Fire was just about out when I arrived home last night so I took the time to clean it out...not that it really needed it. Got a fire started and didn't keep the door open much for very long and seems perhaps the smoke smell is a bit less so maybe it's just taking time for it to go away after the intial day of firing or maybe I'm just getting used to it? Thankfully the smoke smell is not affecting the living quarters and strangley enough the wife says it isn't too bad in the basement. Perhaps I'm expecting too much?
    Randy, I thought about the exhaust hood but trying to do without for now. Looking forward to hearing about your Atmos experiences! Atmos was the boiler we were going to buy until I realized problems I would have had in the basement bulkhead.
  10. Singed Eyebrows

    Singed Eyebrows New Member

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    Bob; The WG I looked at seemed to have poor chimney draft & he got smoke out of it whenever opening the door. I'm not sure why as it's induced draft at this point. If you have stove pipe leaks you could check into 6" semi truck exhaust tubing. I'm working on the Atmos, fell off a ladder though cutting a limb & this is slowing me down. Randy
  11. chiefburritt

    chiefburritt New Member

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    16 gauge welded stainless steel flue with a minimum amount of connection points, use red high temp silicone just at the connection points and screws holding it together. it works!!!! Get the pipe made at a local metal shop. 8" flue was less than $400 for 16 feet of pipe with clean outs.never will corrode or leak if maintained. No need to insulate unless its putting out to much heat to your boiler room. I want to add radiator fins to mine to steal that flue heat as it does not depend on the heat to make the draft. Realize my stack temp never gets above 250-260 degrees F, really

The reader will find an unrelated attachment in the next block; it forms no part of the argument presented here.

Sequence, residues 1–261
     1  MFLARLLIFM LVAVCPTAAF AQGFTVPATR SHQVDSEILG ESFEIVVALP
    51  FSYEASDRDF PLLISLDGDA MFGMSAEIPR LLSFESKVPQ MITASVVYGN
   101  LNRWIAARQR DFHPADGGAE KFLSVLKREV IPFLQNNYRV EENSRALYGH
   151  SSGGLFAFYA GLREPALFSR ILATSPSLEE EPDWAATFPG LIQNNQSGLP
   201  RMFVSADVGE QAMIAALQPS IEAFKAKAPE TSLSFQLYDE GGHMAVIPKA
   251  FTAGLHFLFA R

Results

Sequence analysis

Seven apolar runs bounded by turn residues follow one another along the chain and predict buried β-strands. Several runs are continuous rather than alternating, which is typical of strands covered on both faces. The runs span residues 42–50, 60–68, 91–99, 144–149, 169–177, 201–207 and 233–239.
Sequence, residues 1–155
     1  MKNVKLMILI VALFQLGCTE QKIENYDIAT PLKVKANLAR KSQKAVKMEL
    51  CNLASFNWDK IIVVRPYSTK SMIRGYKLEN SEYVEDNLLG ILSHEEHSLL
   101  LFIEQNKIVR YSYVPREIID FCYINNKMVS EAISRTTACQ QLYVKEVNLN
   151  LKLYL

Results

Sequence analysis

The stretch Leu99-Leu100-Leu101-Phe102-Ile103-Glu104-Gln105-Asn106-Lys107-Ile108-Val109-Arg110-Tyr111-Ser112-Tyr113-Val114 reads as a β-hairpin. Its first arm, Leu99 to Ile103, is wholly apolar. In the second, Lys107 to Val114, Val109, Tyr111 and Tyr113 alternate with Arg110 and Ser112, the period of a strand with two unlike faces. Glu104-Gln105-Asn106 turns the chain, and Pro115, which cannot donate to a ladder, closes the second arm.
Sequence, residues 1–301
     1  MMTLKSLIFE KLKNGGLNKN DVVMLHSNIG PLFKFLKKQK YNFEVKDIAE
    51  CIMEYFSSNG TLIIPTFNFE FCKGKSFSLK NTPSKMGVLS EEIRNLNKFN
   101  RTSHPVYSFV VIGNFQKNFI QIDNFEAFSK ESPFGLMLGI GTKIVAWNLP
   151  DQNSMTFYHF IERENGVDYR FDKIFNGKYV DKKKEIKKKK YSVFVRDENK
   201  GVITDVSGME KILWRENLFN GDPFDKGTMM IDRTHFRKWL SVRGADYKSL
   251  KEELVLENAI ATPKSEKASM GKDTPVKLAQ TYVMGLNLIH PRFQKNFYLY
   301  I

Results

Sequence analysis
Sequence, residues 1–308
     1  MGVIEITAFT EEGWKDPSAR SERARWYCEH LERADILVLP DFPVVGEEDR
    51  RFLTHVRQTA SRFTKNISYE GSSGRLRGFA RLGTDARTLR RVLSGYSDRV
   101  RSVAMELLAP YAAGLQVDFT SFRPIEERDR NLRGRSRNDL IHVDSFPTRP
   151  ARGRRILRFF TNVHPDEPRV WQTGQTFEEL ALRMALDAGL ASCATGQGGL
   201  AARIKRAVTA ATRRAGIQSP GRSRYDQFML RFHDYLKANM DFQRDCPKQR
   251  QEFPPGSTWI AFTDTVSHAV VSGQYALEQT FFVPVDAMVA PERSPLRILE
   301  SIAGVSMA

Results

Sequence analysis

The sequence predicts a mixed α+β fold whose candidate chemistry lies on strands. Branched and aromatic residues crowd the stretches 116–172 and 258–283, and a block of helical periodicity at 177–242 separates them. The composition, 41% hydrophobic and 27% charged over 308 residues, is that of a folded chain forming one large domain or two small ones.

Enjoy
  12. chiefburritt

    chiefburritt New Member

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    Very good point!!!! mine off gassed from the paint and oils for a month. I ahd a lot of black iron piping though.
  13. muncybob

    muncybob Minister of Fire

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    The pipe seams must have been my problem. I sealed all seams and screw holes with the red silicone last night and allowed it to cure overnight. Fired up the boiler this morning and a very noticeable difference! My old Taco pump is now slightly leaking at the flange and is making a noise like it needs lubrication. Never realized the older pumps need lube but I can't find any where on the unit where I would lubricate it? I guess I will tighten the flange a bit tonight to hopefully stop the minor leak but the noise has me more concerned. The pump is old and the label is worn so I'm not even sure what model I have.
  14. Eric Johnson

    Eric Johnson Mod Emeritus

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    New, self-lubricating pumps are pretty cheap (many models, anyway). Replacement might not be a bad idea.
  15. chiefburritt

    chiefburritt New Member

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    Check your inbox!!!
  16. muncybob

    muncybob Minister of Fire

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    My saga continues!! The pump leak was a worn seal. Decided since it was an old circ and the fact that it had not been lubed in years that we should replace it. While at it the make up water supply was re-routed so that the temp gauge was not connected at a T with the make up water. This makes a big differnce(as I suspected), temps are now reading what they should be. Gauge was not inserted far enough into the boiler to get accurate temp readings.